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 (fīn′mən), Richard Phillips 1918-1988.
American physicist. He shared a 1965 Nobel Prize for research in quantum electrodynamics and is known for his writings on physics, especially The Feynman Lectures on Physics (3 volumes, 1963).


(Biography) Richard. 1918–88, US physicist, noted for his research on quantum electrodynamics; shared the Nobel prize for physics in 1965


(ˈfaɪn mən)

Richard Phillips, 1918–88, U.S. physicist.
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Noun1.Feynman - United States physicist who contributed to the theory of the interaction of photons and electrons (1918-1988)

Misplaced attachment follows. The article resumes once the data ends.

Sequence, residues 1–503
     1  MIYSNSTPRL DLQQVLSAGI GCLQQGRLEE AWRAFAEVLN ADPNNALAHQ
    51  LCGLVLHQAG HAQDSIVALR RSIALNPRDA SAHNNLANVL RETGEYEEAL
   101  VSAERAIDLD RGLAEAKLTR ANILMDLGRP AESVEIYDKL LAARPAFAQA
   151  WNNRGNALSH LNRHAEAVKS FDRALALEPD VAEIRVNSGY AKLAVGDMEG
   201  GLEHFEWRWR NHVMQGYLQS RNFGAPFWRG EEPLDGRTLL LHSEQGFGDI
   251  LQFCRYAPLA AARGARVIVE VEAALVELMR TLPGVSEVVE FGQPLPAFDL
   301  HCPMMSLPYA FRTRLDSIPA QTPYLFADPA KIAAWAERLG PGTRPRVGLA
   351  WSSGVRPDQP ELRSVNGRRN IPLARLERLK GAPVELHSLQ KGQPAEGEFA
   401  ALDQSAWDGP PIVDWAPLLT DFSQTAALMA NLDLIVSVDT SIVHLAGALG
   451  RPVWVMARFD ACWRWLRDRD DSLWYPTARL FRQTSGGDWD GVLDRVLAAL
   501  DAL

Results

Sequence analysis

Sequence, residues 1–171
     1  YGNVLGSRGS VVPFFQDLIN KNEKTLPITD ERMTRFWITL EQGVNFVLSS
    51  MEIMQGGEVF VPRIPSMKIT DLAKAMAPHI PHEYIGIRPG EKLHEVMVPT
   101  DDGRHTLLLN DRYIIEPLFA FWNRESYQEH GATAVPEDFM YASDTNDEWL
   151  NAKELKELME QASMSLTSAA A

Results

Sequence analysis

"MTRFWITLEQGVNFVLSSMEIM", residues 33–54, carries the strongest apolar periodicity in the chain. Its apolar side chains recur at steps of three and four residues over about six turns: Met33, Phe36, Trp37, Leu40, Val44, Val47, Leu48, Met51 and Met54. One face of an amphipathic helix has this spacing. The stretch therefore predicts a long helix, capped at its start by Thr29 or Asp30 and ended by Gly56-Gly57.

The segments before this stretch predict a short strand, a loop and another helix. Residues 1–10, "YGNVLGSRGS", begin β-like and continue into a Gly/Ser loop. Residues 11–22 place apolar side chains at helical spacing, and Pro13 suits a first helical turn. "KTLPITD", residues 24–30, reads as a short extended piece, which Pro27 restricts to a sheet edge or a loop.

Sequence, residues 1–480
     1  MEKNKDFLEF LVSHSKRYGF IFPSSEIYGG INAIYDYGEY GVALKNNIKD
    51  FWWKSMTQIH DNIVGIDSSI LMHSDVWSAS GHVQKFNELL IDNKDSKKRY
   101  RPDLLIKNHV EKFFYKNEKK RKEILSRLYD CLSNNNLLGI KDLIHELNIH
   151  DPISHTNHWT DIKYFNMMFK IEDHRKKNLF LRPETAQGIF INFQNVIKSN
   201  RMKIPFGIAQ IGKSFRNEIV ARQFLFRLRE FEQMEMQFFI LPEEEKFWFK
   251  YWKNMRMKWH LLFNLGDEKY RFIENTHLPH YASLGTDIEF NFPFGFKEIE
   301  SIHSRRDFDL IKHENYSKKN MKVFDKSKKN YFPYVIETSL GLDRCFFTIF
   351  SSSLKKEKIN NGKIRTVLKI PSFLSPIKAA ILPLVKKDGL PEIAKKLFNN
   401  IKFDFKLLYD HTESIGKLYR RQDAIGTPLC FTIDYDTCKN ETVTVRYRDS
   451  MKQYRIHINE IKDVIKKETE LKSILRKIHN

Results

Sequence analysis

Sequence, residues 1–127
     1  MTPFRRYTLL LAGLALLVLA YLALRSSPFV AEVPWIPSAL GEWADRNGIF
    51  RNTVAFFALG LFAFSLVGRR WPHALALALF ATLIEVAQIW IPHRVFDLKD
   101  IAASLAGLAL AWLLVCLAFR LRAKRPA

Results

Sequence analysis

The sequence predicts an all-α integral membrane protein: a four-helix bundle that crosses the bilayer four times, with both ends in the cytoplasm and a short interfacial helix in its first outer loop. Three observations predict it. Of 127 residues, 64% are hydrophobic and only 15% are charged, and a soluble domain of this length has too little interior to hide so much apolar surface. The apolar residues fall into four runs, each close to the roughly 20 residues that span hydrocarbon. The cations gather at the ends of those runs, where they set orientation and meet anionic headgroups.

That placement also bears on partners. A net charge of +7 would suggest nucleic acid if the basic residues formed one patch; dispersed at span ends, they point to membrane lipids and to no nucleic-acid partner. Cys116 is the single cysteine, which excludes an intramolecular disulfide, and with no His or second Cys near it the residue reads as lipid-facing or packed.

References in periodicals archive ?
To deal with the intrinsic computational complexity of quantum mechanics, without recurring to quantum computation, Feynmann proposed to use quantum systems, already ruled by quantum laws, as analog quantum simulators.
Current computing relies solely upon 1s and 0s, but quantum computing, first envisioned by physicists like the late Nobel laureate Richard Feynmann, saw so-called "qu-bits," quantum bits that can handle a little of both.
I know of only one man who admitted that his brain was his first favourite organ: that was physicist Richard Feynmann.
Like Feynmann, the author's interests are broad--few authors deal with topics as varied as psychoanalysis, predicting wildfires, designing Mars probes, high school education, and the value (or lack thereof) of front lawns.